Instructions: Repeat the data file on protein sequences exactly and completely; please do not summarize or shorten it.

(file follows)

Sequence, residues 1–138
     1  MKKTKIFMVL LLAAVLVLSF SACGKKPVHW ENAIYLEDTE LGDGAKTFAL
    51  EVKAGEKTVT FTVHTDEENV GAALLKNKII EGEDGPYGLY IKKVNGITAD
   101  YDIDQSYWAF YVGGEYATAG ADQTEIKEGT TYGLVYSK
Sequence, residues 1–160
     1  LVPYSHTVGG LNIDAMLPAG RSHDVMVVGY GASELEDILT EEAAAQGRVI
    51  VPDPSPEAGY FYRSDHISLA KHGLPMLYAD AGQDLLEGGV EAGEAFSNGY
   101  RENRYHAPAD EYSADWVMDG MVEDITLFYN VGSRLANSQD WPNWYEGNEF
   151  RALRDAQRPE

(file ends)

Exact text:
Sequence, residues 1–138
     1  MKKTKIFMVL LLAAVLVLSF SACGKKPVHW ENAIYLEDTE LGDGAKTFAL
    51  EVKAGEKTVT FTVHTDEENV GAALLKNKII EGEDGPYGLY IKKVNGITAD
   101  YDIDQSYWAF YVGGEYATAG ADQTEIKEGT TYGLVYSK
Sequence, residues 1–160
     1  LVPYSHTVGG LNIDAMLPAG RSHDVMVVGY GASELEDILT EEAAAQGRVI
    51  VPDPSPEAGY FYRSDHISLA KHGLPMLYAD AGQDLLEGGV EAGEAFSNGY
   101  RENRYHAPAD EYSADWVMDG MVEDITLFYN VGSRLANSQD WPNWYEGNEF
   151  RALRDAQRPE